Top 10 Jazz Records of 2015

After intense deliberation, here are the top 10 jazz releases of the year

"Made in Chicago

Even though jazz is best experienced live, there are always albums that populate that proverbial “desert-island” aesthetic. The number of discs that qualify as essential seems to grow every year, and often the difference between what gets on my list and what just misses can be excruciating.

Nonetheless, the choice for No. 1 is usually crystal clear for me, and that maxim is certainly true for 2015. Here then are my favorite new recordings (plus one reissue) for the year.

1. Jack DeJohnette, “Made In Chicago” (ECM) This is DeJohnette’s best recording in the last 30 years, due in no small part to the participation of his elite Chicago associates Muhal Richard Abrams, Roscoe Mitchell, Henry Threadgill and bassist Larry Gray. Mitchell, Threadgill and DeJohnette were all pivotal members of the AACM (Association for the Advancement of Creative Musicians) founded by Abrams in the early 1960s. Full of joy, this album exceeds all expectations.

"Celestial Weather"

2. Wadada Leo Smith and John Lindberg, “Celestial Weather” (TUM) The world is immeasurably richer for the renaissance of Smith recordings over the last few years, and this gem -- with long-time associate Lindberg -- is almost unbearably intimate, loaded with organic balance and timbre distortion. As usual, the devil is in the details -- and these details are sublime.

"Inaction Is Action""

3. Jon Irabagon, “Inaction Is Action” (Irabagast Recordings) This solo sopranino saxophone album is chock full of audacity and sonic manipulation that conjure images of dying behemoths and objects of industrial torture. Somehow, Irabagon manages to create laugh-out-loud moments even as he scares the bejesus out of the listener.

4. Barry Altschul & 3 Dom Factor, “Tales of the Unforeseen” (TUM) Three equal, independent voices find their way in this exploratory document, recorded following a tour, and the experience shows. Old-school free jazz with important input from bassist Joe Fonda and saxophonist Irabagon, these “tales” have to be heard to be believed.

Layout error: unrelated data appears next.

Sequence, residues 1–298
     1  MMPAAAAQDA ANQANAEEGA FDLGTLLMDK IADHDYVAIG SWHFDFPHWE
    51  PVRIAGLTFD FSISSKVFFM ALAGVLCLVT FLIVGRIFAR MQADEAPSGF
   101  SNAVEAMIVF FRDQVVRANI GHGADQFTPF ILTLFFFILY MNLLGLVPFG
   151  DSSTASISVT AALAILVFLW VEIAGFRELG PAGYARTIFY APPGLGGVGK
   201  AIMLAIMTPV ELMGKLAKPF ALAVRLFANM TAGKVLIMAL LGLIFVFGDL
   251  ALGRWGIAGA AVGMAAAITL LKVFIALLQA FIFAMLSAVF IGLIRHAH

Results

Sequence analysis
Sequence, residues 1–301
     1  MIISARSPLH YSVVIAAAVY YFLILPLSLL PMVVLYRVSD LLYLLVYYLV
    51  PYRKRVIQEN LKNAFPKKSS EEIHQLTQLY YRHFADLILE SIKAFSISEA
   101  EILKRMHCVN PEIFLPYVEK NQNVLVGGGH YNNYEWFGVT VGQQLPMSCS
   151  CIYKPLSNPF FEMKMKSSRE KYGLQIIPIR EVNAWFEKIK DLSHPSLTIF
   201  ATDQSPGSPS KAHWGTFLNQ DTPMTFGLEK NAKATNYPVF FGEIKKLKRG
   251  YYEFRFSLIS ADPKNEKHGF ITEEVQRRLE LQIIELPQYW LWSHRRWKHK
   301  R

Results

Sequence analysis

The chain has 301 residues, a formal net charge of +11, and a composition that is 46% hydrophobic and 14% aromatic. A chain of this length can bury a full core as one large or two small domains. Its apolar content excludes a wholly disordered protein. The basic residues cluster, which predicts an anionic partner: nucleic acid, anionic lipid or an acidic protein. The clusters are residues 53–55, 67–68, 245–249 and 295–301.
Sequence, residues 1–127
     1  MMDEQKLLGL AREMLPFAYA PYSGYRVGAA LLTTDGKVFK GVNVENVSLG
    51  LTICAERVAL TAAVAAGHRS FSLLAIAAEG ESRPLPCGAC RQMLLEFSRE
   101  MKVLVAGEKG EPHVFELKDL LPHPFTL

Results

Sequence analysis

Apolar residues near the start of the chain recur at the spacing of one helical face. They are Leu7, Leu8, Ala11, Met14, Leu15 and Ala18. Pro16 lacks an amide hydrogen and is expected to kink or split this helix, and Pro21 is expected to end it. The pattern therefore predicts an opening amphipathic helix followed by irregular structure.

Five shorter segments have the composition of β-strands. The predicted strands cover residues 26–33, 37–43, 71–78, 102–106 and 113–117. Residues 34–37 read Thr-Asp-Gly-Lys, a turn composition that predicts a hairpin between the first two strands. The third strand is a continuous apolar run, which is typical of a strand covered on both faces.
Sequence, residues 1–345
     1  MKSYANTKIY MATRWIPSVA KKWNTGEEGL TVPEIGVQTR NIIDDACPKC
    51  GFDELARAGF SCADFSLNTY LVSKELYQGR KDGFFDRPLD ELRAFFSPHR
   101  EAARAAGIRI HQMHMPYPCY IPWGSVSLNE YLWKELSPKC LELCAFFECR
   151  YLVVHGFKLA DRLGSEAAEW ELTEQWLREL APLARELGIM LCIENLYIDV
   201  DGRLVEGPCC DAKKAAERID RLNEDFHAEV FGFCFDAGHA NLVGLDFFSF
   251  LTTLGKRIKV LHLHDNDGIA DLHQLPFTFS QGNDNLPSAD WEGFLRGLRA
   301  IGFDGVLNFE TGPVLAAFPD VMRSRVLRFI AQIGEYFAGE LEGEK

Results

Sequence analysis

"Saints & Sinners"

5. Terrence McManus and John Hebert, “Saints & Sinners” (Rowhouse Music L.L.C.) Bassist Hebert has a sound as huge as old-growth Redwood, and this pairing with the quirky guitar machinations of McManus works on multiple levels. Each player has exquisite touch and big ears.

6. John Abercrombie, “The First Quartet” (ECM) This reissue of Abercrombie’s first three quartet sessions on ECM has been a long time coming. These records illuminated a completely different path for jazz guitar, and the Abercrombie Quartet -- with Richie Beirach’s piano, George Mraz’s bass and the drums of Peter Donald -- still sounds fresh more than 30 years later.


7. Chris Lightcap’s Bigmouth, “Epicenter” (CleanFeed) The record brings thoroughly modern music from the pen of Lightcap, and I’m a believer in the twin-tenor concept blazed by Tony Malaby and Chris Speed. Craig Taborn and Gerald Cleaver round out this session.

8. Rudresh Mahanthappa, “Bird Calls” (ACT) This was a banner year for Mahanthappa, and even though this disc doesn’t sound anything like Charlie Parker, it does roar out of the gates with Matt Mitchell, Adam O’ Farrill, Francois Moutin and Rudy Royston.

9. Myra Melford, “Snowy Egret” (Enja Yellowbird) Melford’s band boasts a hyper-melodic fusion that shimmers and glides on the guitar of Liberty Ellman and the bounce of Tyshawn Sorey. Ron Miles and Stomu Takeishi complete the beguiling puzzle for some engaging charts that really sing.

10. Evan Parker, Joe Morris and Nate Wooley, “Ninth Square” (CleanFeed) One listen to the independent soliloquies that open this disc clearly indicates that this is the real deal. Tension gets ratcheted to a delirium – then Parker cranks it even further.

Robert Bush is a freelance jazz writer who has been exploring the San Diego improvised music scene for more than 30 years. Follow him on Twitter @robertbushjazz. Visit The World According to Rob.

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